Before going on leave, I put pen to paper and managed to write two blogs to be published while I was away. In case you missed the blog last week, called ‘Let’s be honest about ourselves’ you can read it here. The second is as follows …..
Thoughts and Podcasts for the day
Although now a distant memory one of the benefits of having some down time over the summer break was the opportunity to do a bit of reading. One book that struck a chord was by surgeon, writer and public health researcher, Atul Gawande, called Being Mortal – Medicine and What Matters in the End.
If you are looking for an eye-opening and riveting book, I’d recommend this one. In “Being Mortal,” Atul Gawande takes on a question that everyone faces: How can we make our last days more comfortable, meaningful, and affordable?
In a medical age where we can do so much more to prolong life for the aged and terminally ill – the question that Gawande explores is just because we can do a lot more, doesn’t mean that we should.
He talks about how poorly equipped a lot of clinicians are to deal with issues around end of life care – mainly because many physicians were trained in an era where the focus was on doing more. While there is always a desire to prolong a person’s quantity of life, in some instances aggressive treatment of a person with a poor prognosis can be associated with more physical distress.
Doctor Gawande uses the example of a patient who had metastatic prostate cancer and had become paralysed due to the spread to his spinal cord. He pleaded with his doctors not to give up on him, which included an operation which would not improve his quality of life. He died very soon after surgery, hooked to a ventilator, unable to put his affairs in order and unable to say goodbye in a way he would have liked to.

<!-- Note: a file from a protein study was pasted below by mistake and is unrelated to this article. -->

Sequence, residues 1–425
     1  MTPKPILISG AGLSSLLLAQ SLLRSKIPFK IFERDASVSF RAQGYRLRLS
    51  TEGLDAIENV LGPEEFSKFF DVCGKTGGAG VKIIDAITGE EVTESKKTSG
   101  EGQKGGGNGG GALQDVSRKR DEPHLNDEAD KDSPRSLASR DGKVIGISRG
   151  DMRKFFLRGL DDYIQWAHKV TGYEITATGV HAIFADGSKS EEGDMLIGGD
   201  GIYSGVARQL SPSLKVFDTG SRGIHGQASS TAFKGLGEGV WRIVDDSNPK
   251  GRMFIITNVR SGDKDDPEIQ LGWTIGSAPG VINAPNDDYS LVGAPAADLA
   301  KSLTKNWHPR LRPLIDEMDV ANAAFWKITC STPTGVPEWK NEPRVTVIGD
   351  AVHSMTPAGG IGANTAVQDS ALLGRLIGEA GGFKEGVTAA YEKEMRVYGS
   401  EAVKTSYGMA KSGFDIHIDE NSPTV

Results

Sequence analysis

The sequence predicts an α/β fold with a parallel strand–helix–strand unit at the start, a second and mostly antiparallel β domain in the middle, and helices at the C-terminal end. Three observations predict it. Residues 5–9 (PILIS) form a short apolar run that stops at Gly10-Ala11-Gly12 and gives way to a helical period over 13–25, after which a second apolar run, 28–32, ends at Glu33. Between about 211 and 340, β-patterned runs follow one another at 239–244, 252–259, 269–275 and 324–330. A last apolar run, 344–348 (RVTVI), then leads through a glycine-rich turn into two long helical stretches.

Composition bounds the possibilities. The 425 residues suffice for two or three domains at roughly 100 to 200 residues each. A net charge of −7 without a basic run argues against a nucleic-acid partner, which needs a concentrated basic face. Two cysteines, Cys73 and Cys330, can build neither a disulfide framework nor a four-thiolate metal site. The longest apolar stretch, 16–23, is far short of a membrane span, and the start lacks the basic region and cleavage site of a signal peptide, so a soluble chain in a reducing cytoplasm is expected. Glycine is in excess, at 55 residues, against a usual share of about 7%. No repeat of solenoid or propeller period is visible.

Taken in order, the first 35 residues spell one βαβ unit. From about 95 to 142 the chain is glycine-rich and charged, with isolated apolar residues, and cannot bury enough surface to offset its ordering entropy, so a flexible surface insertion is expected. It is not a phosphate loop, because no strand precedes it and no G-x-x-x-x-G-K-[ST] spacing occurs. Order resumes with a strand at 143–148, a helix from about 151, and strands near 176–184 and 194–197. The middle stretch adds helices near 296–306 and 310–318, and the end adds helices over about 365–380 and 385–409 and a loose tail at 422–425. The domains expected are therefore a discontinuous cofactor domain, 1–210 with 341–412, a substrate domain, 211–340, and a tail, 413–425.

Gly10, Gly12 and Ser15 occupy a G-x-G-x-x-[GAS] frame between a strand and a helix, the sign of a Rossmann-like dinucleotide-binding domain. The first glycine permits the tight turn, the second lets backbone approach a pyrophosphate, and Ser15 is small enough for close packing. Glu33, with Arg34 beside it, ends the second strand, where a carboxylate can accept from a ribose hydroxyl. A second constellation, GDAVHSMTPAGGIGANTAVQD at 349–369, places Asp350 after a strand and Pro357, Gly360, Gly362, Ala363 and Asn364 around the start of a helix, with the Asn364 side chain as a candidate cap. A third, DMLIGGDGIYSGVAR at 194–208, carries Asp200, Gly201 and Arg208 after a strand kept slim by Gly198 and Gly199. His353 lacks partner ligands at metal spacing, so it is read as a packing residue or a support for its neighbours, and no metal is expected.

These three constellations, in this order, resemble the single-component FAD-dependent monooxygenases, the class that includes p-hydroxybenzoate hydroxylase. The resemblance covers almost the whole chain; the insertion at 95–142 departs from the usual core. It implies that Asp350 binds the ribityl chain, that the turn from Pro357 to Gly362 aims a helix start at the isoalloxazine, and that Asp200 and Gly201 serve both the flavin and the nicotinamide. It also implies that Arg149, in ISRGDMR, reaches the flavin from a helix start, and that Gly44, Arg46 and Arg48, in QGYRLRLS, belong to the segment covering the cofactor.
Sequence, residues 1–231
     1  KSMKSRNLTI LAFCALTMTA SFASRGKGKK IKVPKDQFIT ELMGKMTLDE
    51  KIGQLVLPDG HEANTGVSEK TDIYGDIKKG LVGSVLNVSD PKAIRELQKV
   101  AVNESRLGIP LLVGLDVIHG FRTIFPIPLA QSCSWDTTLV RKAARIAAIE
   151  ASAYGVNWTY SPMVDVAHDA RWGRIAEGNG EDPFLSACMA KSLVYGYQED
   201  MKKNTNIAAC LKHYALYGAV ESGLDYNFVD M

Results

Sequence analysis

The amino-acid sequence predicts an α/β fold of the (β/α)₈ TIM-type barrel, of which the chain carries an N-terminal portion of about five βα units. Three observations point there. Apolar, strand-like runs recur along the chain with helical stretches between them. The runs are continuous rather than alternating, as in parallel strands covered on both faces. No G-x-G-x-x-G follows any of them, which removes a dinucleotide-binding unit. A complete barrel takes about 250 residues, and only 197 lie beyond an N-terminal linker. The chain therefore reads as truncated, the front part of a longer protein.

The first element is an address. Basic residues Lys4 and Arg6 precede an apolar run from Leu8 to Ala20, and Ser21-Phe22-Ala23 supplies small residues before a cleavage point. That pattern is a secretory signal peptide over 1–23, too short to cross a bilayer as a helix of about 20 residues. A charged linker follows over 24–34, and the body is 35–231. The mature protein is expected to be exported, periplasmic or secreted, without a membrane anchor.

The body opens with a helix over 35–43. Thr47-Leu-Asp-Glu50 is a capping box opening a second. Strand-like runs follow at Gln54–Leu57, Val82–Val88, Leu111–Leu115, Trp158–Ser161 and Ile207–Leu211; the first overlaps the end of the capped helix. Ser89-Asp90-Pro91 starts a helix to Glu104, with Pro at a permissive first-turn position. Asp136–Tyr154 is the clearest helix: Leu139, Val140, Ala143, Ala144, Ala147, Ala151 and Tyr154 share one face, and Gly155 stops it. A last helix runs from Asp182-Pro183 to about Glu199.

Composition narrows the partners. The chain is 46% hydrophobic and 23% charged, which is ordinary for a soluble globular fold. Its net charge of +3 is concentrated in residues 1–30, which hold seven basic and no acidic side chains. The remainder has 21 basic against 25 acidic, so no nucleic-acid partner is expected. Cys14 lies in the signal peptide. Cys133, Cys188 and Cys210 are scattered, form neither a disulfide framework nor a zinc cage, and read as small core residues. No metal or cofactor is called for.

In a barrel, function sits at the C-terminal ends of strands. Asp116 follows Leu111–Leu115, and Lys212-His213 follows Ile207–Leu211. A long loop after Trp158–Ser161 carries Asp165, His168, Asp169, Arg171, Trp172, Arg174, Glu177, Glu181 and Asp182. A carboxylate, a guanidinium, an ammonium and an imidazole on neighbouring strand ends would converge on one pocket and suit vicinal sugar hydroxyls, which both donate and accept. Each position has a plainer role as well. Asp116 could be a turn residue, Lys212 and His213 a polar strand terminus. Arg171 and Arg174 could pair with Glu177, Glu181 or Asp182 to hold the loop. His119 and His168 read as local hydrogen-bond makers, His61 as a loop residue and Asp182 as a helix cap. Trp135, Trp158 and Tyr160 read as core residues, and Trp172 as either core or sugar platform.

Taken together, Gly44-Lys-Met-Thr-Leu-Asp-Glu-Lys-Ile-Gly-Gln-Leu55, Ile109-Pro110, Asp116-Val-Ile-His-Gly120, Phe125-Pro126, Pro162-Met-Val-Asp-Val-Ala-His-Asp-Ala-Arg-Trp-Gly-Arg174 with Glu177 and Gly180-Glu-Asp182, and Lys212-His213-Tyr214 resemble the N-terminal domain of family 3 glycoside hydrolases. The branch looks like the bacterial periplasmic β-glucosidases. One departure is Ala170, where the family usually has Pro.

As a person’s life draws to a close, Dr Rawande, through the experiences of his patients and his own personal and moving stories asks us to focus on doing the right thing for our patients and ensure we never sacrifice what people really care about. He introduces us to a range of people who provide advice on how we can have those critical and difficult conversations about end of life care and the implications in brings.
The book also examines, in a very potent and clear way how different countries approach the care of the elderly and how much society is changing on the issues of ageing and chronic disease. All things that we will professionally or personally face in one way or another.
It strikes me that our previous debate in healthcare has been about quality and safety – and indeed this is very much the flavour of Gawande’s past books such as The Checklist Manifesto. How to Get Things Right. But now we are facing the challenge of how we get the best possible outcomes for our patients and whaanau with a focus on patient experience and patient and whaanau centred care. It’s an important debate to have.
This is worth a listen …..
I’m hooked on podcasts at the moment and recommend tuning into the BBC Radio podcast from Desert Island Discs. You can download this from ITunes. Desert Island Discs is a long-running BBC programme run from the UK. Each week a famous person is asked the question, if you were cast away alone on a desert island, which eight pieces of music, a book and luxury item would you choose to have with you? Each item brings up wonderful memories and stories, and you get to hear about people’s lives. On one occasion, I listened to Professor Peter Piot, a Belgium professor of infectious diseases. Professor Piot was one of the co-discoverers of the Ebola virus during its first outbreak in Zaire in 1976. He also became the chief advocate for worldwide action against AIDS and was instrumental in negotiating the reduction in cost of antiretroviral drugs in the 1990s that have done so much to halt the disease. Like the everyday heroes we come across in healthcare, Professor Piot, diligently works with passion, commitment and humility across his professional life. His quiet heroism has made a huge impact across the globe.
If you have any books or podcasts you would like to share, please get in touch via email.